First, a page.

Results: In patients who were treated through RT, the two-year local control was 90% in comparison with 87% for those treated through BRT (P > 0.050). The total radiation dose was 3869 ± 370 and 3048 ± 465 in the patients who underwent RT and in the BRT group (P < 0.001), respectively. The number of radiation sessions in the RT group and BRT group was respectively 27.3 ± 4.5 and 5.8 ± 2.0 (P = 0.001).
Conclusion: Not only BRT can lead to similar local control and survival in comparison with the conventional adjuvant RT, but it can also decrease the total dose and number of radiation sessions in patients with STS of the extremity, which is a high grade, in individuals who underwent surgical resection.
Does Spine Surgery in Patients with a History of Bariatric Gastrectomy Increase the Risk of Delayed Pulmonary Embolism?
Background: This is a novel observation report on patients undergoing spine surgery with a history of bariatric procedures.
Acknowledgment of aggregated complications in such patients can prevent catastrophic outcomes.
Case Report: We report three patients with spinal disorders and a history of bariatric surgery who developed pulmonary embolism following spine surgery. None of the patients had a history of venous thromboembolism or deep vein thrombosis (DVT) before this event. All patients were given thromboprophylaxis after both bariatric and spine surgery, including intra- and post-operative mechanical and pharmacological thromboprophylaxis upon discharge.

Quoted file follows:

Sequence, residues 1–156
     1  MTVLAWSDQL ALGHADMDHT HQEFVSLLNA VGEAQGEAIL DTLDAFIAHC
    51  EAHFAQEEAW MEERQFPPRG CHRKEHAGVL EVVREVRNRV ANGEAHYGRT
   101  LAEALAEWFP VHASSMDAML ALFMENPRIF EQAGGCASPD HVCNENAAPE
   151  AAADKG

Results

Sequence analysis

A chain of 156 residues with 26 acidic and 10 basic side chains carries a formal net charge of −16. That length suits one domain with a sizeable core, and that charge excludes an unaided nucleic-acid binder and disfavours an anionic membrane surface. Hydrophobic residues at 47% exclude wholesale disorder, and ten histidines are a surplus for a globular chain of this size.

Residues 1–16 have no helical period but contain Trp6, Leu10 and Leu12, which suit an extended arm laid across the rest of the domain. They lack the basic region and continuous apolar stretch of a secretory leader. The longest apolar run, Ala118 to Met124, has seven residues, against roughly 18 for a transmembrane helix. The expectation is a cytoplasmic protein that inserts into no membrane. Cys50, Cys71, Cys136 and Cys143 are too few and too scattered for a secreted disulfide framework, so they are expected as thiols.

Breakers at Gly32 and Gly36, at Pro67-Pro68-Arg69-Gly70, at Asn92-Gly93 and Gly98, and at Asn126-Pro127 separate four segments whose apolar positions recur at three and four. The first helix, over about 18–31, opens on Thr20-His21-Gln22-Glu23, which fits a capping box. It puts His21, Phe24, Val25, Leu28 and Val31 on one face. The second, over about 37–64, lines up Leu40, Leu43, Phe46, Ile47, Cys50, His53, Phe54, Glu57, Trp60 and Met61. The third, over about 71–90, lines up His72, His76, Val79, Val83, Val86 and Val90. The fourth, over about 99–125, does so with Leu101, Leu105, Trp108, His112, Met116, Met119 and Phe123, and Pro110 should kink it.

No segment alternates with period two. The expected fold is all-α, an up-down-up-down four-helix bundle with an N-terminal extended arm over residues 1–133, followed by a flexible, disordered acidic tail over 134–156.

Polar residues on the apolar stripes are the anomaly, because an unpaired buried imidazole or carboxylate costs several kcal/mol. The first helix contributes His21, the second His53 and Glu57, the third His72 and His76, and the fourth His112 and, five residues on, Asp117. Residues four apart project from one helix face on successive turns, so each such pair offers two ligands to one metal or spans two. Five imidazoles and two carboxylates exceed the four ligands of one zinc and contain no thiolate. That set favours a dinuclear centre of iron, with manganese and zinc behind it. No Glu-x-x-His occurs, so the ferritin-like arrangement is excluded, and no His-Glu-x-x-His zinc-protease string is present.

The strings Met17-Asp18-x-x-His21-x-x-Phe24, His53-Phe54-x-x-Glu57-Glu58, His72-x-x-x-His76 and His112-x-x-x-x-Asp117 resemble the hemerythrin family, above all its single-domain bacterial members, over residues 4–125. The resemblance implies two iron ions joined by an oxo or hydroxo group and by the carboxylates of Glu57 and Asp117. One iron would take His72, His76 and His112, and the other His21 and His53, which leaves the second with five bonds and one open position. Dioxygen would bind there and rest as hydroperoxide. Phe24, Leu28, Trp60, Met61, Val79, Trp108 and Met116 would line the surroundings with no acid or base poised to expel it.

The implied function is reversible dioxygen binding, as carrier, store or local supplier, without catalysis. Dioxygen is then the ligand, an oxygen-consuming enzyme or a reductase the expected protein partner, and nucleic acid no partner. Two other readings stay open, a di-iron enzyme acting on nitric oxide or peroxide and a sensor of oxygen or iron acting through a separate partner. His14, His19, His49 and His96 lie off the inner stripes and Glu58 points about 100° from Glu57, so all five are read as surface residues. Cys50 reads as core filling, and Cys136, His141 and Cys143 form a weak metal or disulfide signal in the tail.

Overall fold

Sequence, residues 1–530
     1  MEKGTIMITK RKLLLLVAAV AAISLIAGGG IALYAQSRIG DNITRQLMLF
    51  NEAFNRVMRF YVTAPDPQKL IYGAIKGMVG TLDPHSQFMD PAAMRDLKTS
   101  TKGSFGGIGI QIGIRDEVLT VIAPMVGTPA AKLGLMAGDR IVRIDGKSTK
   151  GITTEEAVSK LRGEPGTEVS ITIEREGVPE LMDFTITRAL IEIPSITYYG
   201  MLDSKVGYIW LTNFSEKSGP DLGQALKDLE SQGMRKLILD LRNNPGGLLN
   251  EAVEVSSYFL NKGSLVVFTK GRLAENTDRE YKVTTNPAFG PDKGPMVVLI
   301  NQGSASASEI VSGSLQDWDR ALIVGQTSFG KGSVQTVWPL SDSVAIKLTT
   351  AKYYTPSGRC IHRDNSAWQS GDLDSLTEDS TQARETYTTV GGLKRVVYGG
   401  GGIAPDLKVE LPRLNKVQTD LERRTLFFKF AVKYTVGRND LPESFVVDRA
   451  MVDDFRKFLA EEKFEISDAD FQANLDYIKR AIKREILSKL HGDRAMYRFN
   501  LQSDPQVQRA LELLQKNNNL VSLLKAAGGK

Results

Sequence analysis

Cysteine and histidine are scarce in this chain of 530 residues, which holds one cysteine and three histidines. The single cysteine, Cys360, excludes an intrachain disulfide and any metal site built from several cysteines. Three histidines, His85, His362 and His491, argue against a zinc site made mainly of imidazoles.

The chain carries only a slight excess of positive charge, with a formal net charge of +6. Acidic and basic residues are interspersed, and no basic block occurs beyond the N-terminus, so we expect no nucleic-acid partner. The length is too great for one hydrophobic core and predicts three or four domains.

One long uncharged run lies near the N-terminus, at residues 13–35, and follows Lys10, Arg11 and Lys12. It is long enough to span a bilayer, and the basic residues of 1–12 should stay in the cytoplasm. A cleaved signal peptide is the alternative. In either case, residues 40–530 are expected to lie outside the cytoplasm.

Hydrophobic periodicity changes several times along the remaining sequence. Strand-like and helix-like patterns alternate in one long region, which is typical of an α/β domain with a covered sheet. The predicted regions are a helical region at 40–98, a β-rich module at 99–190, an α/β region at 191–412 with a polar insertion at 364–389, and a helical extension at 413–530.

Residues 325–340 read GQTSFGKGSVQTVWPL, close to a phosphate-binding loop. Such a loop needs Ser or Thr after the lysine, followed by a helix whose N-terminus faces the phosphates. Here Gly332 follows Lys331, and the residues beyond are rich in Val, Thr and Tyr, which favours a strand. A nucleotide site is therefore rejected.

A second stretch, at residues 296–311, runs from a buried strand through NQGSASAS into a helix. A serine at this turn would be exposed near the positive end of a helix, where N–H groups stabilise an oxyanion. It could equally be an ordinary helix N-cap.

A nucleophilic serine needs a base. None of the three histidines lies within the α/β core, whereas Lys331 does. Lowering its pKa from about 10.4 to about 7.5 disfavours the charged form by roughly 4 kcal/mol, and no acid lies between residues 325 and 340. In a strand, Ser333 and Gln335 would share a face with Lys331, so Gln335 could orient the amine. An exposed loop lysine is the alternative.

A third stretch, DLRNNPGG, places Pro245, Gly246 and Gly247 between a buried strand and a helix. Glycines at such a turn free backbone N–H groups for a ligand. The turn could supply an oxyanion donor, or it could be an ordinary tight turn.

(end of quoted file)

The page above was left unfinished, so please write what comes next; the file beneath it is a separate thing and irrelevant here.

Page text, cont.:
Conclusion: Patients undergoing spine surgery with a history of bariatric procedures are at increased risk of developing venous thromboembolic complications, including pulmonary embolism. We recommend extensive venous thromboembolic evaluation and treating these patients as high-risk individuals even in the absence of active thromboembolic disease.
Background: Osteochondroma is the most common benign tumor of the bone.
Case Report: In this case, we present a young patient complaining of sensation of a mass in her abdomen since a few weeks ago and abdominal pain, which caused her visit to the clinic. Imaging studies revealed a well-defined lobulated lesion, and pathological examination was correlated with osteochondroma of the iliac bone.
Conclusion: This site for osteochondroma is very rare, and this case was the solitary type.
Osteochondroma; Pelvic Neoplasm; Diagnosis
Background: Lipomas are benign adipocyte proliferations and the most common tumors in soft tissue, although the appearance of this tumor in the hand is rare. The most common peripheral compressive neuropathy is carpal tunnel syndrome (CTS). CTS caused by a space-occupying lesion such as lipomas is rare and causes more complications than idiopathic CTS.
Case Report: This report was about a case of a 62-year-old woman with a giant painless mass on the first web of her right hand, with no systemic symptom and just a burning sensation in her fingers. After evaluations, CTS was diagnosed. Surgical dissection of the mass was performed, and the patient’s symptoms improved. The pathology report indicated that the mass was a lipoma.
Conclusion: It is essential to examine the presence of different masses when the patient has neurological symptoms without justifying the history.